So what do we make of St. Cybi and the rest of these traditions? Should we conclude that temporal rule is always incompatible with Christianity? Some may draw this conclusion, and there is evidence that many saints thought as much, but this is not that kind of essay. There are in the Christian tradition many saints who were rulers. I’m particularly fond of the saying of St. Vladimir, the great Christian prince:
Above all things: do not forget the poor, but support them to the extent of your means. Give to the orphan, protect the widow, and permit the mighty to destroy no man. Take not the life of the just or the unjust, nor permit him to be killed. Destroy no Christian soul, even though he be guilty of murder.
This essay isn’t meant to criticize any Christian who seeks higher office (Lord knows that they will get plenty of criticism without my help). Nor is it meant to discourage anyone from voting. I voted in this election with St. Vladimir’s words in mind, using my vote to support the poor, protect the widow, and to keep the mighty from destroying men and from taking the lives of the just and the unjust. But I also have many Orthodox friends who never vote, because they consider themselves to be Orthodox Christians and for them this means living as the citizen of another Kingdom. Vote shares the same root as devotion after all. Some of these friends are monastics and clergy who refrain from voting as an expression of their tonsure, while others are lay. But however you vote or don’t vote, the life and witness of St. Cybi still remains relevant.
The witness of the saints should redirect our lives towards greater piety and a deeper life in Christ. So in celebration of St. Cybi we should prayerfully examine ourselves and our conscience. Where do we place our hope? It is in rulers and in princes? As we Orthodox pray in the words of the psalmist during our divine services, “Put not your trust in princes, or in mortals in whom there is no salvation.”
While we might not get martyred for proclaiming Christ as King, we still may ask ourselves, do we really behave as if Christ were the King of our lives? How often over the past year have we talked about Hillary Clinton or Donald Trump? How many hours have we spent watching clips of them, reading about their activities, attending events, giving money. How many times have we promoted them on social media? And how often over the past year have we talked about Jesus Christ? How many hours have we spent praying to him, reading the gospel, attending Church, giving our money and time to meet him in the poor, the prisoner, the sick, and the hungry? How many social media posts have we made promoting Christ? Have we used our social capital to push people towards our preferred candidate, who will be gone in 4 or 8 years or have we used our social capital to promote our King, who will reign forever? How anxious are we about the next 4 years? In the Gospel for yesterday (on the new calendar), Christ tells us “Therefore I tell you, do not be anxious about your life, what you shall eat, nor about your body, what you shall put on… For all the nations of the world seek these things; and your Father knows that you need them. Instead, seek his kingdom, and these things shall be yours as well.” Are we mindful of this, or do we seek what all the nations of the world seek?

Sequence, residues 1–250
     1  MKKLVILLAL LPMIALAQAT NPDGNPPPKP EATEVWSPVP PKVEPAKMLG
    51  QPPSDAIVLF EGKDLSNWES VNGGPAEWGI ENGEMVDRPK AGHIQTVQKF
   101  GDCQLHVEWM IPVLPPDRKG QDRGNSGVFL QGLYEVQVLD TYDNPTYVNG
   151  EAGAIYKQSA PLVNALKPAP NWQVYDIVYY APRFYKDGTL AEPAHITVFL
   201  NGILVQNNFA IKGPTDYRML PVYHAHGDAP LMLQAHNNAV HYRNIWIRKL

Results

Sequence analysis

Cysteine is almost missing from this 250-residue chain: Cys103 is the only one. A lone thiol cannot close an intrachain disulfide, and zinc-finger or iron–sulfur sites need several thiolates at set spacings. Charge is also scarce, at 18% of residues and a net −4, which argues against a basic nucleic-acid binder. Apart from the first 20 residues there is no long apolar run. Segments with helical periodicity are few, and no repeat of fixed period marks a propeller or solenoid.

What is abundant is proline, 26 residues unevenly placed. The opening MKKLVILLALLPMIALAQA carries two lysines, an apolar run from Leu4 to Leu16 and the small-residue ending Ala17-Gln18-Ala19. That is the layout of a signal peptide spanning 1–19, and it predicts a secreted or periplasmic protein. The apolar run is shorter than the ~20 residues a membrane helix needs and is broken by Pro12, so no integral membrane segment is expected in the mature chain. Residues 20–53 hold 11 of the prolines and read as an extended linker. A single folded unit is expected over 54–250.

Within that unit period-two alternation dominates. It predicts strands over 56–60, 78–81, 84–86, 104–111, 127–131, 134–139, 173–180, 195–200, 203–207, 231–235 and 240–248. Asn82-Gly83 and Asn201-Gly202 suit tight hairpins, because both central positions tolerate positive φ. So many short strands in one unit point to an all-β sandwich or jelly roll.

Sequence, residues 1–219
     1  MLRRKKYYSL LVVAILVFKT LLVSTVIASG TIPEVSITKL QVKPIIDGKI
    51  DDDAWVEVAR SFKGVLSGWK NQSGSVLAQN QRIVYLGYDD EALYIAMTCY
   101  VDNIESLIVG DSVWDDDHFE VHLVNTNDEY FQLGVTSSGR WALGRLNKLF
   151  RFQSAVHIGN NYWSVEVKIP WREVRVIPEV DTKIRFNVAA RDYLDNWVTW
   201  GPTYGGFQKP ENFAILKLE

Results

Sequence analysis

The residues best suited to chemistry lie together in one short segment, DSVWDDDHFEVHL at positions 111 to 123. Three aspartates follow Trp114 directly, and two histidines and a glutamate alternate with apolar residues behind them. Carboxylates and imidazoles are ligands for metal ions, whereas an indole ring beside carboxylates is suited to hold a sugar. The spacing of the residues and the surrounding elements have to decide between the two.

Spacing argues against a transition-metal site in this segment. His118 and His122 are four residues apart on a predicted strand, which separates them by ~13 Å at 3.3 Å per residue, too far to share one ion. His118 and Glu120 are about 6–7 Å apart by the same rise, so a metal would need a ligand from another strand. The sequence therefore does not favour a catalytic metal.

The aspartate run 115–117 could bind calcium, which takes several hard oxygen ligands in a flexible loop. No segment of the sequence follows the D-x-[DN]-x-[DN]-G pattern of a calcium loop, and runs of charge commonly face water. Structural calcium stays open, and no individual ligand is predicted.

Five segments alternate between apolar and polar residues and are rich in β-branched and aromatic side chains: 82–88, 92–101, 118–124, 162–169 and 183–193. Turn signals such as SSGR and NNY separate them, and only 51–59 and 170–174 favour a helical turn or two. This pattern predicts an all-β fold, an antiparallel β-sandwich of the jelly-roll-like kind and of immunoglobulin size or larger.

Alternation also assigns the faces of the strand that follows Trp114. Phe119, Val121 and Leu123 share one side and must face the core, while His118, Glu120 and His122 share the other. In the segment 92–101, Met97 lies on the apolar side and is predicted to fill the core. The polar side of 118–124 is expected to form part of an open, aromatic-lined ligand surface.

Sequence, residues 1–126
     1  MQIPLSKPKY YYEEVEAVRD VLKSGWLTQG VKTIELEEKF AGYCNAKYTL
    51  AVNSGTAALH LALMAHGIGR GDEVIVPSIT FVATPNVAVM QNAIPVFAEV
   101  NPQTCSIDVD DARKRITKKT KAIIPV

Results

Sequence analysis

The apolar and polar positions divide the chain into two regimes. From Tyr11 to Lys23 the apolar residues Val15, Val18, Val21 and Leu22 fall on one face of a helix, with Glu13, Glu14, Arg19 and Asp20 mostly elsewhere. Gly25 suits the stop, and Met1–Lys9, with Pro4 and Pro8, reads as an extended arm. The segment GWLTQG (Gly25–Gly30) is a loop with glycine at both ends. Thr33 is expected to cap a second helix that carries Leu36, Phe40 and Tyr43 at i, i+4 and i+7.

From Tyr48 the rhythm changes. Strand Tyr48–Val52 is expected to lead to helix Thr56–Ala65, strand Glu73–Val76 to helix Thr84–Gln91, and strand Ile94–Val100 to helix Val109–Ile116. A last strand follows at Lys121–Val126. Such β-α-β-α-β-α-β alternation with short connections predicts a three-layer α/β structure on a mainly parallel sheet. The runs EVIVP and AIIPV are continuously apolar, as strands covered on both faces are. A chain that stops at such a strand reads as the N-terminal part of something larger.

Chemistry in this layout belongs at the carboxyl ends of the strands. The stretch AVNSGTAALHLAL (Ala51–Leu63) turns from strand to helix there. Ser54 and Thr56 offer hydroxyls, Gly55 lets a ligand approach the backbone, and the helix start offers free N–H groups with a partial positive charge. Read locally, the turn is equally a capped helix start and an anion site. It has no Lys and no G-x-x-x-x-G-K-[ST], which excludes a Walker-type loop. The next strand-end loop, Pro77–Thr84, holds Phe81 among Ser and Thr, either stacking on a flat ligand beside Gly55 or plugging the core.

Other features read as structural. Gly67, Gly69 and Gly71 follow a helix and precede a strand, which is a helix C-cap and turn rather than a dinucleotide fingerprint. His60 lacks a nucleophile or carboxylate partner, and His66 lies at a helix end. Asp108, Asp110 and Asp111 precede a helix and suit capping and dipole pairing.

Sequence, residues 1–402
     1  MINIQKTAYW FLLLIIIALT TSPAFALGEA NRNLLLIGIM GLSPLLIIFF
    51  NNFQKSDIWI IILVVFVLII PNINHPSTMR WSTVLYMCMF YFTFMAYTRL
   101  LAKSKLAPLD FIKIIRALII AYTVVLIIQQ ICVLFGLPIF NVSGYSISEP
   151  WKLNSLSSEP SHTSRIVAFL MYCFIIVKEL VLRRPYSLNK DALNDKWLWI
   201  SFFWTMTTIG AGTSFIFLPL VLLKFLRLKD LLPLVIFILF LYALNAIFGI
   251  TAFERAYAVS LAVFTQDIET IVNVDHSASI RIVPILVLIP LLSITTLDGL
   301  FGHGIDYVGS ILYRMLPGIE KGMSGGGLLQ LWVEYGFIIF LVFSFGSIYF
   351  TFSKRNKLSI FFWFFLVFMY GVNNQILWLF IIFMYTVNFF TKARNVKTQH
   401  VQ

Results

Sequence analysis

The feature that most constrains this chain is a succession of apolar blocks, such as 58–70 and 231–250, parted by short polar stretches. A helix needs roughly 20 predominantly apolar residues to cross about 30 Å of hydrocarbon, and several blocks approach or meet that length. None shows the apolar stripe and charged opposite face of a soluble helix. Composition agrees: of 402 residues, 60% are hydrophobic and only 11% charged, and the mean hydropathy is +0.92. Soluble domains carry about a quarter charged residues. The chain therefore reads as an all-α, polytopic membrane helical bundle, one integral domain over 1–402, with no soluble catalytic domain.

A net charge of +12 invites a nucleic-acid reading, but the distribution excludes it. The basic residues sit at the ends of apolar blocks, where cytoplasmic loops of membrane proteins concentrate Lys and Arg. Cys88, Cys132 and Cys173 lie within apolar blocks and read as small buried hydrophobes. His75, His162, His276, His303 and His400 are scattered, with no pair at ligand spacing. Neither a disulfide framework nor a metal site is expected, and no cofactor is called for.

Though we may vote and throw our lot in with the nations of this world we should not forget to devote ourselves to Christ first and foremost. We should not allow political divisions to keep us from loving others, and should not allow politics to give occasion to hate our brethren. We proclaim that there is another King (or another president) named Jesus whenever we place the Kingdom first, whenever we choose love over hate, forgiveness over revenge, charity over greed. We pledge our allegiance to Christ whenever we live according to the Beatitudes rather than the virtues of the world, mercy rather than severity, peacemaking rather than warmaking, meekness rather than strength, poverty rather than wealth. And in this way how we live on November 7 and November 9 matters far more than how we vote on November 8. We live according to the words of the anonymous second century Christian apologist, “The Christians dwell in their own countries, but only as sojourners; they bear their share in all things as citizens, and they endure all hardships as strangers. Every foreign country is a fatherland to them, and every fatherland is foreign.” We share in the responsibilities of this world as citizens, while at the same time being a stranger to it.